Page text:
The access fairness worked as advertised and can be seen by the results from the tests that were performed simultaneously accessing 96 devices on the loop. Graph 13 plots the completion times of each of the 96 devices on a 30-kilometer loop in increasing priority. If the devices were "unfair" the plot would show the higher priority devices completing before lower priority devices. Graph 14 shows the unfair behavior of 26 disks on a shorter 30-kilometer loop. The unfair devices are older Barracuda 9 disks that are running a very old version of firmware that did not have the fairness algorithm implemented. It is clear from Graph 14 that the higher priority devices get preferential access to the loop since they finish long before the lower priority (lower address) devices.
Long loops see a significant drop in aggregate performance, particularly for write operations on this configuration. This was primarily due to the number of buffers available on the disk drive to receive incoming data. The transaction performance is significantly affected for both reads and writes more than the bandwidth performance when viewed as a percentage of the peak. In short, extended loop lengths (greater than 5 kilometers) begin to show appreciable performance degradation.
As the number of devices on the loop increases, the propagation delay through the devices introduces a small but noticeable performance degradation. The degradation is more noticeable in transaction rate than in bandwidth.
As the loop congestion grows, the performance of each thread degrades uniformly such that each the average performance is the same over all threads. This is due in part to the loop access fairness mechanism. It should be noted that the access fairness algorithm does not guarantee equal performance among all devices on the loop rather it guarantees that each device will have an access window within which it can win arbitration for the loop and perform its function. The net effect, however, seems to indicate an even distribution of performance for all devices on a heavily congested loop.
The factor that contributes the most performance loss is the length of the loop. In terms of scale, the length of the loop can contribute 100 to 1000 times more propagation delay than the elasticity buffers in the devices themselves.
Based on experiences from this project, researchers at the LCSE are working on ways to better gather and visualize performance data for large and complex storage area network configurations. This project alone generated nearly 10GB of compressed performance data much of which still needs to be analyzed. The LCSE is also currently working with Ancor Communications and Brocade Communication Systems evaluating their respective Fibre Channel switch products. This research is focused on what happens to the performance of large disk subsystems attached to these switches as the cross-sectional bandwidth and cross-sectional transaction rates are increased to the point of overwhelming the capability of the switch.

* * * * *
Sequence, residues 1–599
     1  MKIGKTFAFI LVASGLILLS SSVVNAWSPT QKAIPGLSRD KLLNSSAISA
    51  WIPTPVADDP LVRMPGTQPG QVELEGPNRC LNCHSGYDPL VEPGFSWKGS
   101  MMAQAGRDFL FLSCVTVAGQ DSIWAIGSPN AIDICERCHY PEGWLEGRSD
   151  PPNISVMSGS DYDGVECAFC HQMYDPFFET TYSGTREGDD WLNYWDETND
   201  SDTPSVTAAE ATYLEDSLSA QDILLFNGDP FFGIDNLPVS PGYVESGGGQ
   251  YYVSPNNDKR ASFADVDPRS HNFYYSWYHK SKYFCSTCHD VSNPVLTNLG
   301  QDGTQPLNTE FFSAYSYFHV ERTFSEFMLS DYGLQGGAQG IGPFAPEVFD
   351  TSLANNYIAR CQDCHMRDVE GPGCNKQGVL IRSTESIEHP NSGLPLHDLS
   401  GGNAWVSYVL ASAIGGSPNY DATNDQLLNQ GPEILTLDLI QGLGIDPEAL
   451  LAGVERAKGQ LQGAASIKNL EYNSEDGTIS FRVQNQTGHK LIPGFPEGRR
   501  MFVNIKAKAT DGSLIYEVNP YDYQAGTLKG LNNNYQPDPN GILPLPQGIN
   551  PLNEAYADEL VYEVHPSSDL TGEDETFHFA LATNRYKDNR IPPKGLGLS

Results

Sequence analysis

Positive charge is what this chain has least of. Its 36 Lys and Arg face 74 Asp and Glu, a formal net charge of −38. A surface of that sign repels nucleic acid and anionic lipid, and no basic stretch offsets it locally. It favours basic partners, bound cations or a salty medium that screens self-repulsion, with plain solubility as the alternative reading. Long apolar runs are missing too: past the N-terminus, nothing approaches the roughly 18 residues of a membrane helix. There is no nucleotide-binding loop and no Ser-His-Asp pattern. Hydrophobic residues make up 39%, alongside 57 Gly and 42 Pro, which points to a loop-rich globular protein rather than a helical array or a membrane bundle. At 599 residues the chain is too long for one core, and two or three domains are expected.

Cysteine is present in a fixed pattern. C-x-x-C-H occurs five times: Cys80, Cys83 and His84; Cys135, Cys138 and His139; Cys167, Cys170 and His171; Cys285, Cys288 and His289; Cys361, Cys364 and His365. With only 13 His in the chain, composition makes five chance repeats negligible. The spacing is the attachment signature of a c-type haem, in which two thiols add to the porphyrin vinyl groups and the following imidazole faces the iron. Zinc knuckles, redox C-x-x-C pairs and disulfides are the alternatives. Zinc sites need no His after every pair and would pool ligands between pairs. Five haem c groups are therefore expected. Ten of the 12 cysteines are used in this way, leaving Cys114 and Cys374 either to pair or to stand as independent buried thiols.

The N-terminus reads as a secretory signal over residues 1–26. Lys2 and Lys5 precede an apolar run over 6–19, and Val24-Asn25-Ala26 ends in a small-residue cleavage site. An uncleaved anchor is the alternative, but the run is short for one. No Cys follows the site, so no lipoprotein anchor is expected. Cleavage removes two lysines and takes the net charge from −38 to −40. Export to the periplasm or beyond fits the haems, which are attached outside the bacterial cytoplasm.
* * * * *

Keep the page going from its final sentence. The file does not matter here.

Graph 9. Effect of node propagation delay on read operations on a 50-meter loop. Read operation time in Milliseconds
Graph 10. Effect of node propagation delay on read operations on a 30-kilometer loop.
Graph 11. Comparison of the effect of node propagation delay on read operations on 50-meter and 30-kilometer loops.
Graph 12. Comparison of the effect of node propagation delay on read operations as a function of loop length.
Graph 13. The effect of unfair device behavior on the order of completion for read operations across 26 devices on a 30-kilometer loop.
Graph 14. The effect of unfair device behavior on the order of completion for read operations across 26 devices on a 30-kilometer loop.
Graph 15. The effect of fair device behavior on the bandwidth performance of read operations across 26 devices on a 30-kilometer loop.
Graph 16. The effect of unfair device behavior on the bandwidth performance of read operations across 26 devices on a 30-kilometer loop.
Benner, Alan F. Fibre Channel - Gigabit
Communications and I/O for Computer Networks, McGraw-Hill Series on Computers, 1966
Gary R. Stephens and Jan V. Dedek. Fibre Channel - The Basics, Ancot Corporation
Robert W. Kembel. The Fibre Channel Consultant - Arbitrated Loop, Connectivity Solutions
This work was performed at the University of Minnesota Laboratory for Computational Science and Engineering with support from the National Science Foundation and the Department of Energy under grants NSF/ACI 96-19019, DE/B347714, and NSF/CDA-9502979. This work was also partially supported by Minnesota Supercomputer Institute at the University of Minnesota. Other contributors and supporters include Seagate Technology, Inc., MTI, Vixel Corporation, AMP, Inc., Finisar Corporation, Ciprico, Inc. and Silicon Graphics, Inc.
Thomas M. Ruwart is assistant director of Laboratory for Computational Science and Engineering at the University of Minnesota.